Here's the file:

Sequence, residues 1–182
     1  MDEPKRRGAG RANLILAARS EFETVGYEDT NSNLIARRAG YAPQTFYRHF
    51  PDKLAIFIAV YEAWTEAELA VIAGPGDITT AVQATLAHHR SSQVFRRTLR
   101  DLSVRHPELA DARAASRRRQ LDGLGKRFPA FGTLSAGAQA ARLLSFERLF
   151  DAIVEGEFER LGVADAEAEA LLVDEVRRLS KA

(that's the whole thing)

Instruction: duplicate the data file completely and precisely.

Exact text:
Sequence, residues 1–182
     1  MDEPKRRGAG RANLILAARS EFETVGYEDT NSNLIARRAG YAPQTFYRHF
    51  PDKLAIFIAV YEAWTEAELA VIAGPGDITT AVQATLAHHR SSQVFRRTLR
   101  DLSVRHPELA DARAASRRRQ LDGLGKRFPA FGTLSAGAQA ARLLSFERLF
   151  DAIVEGEFER LGVADAEAEA LLVDEVRRLS KA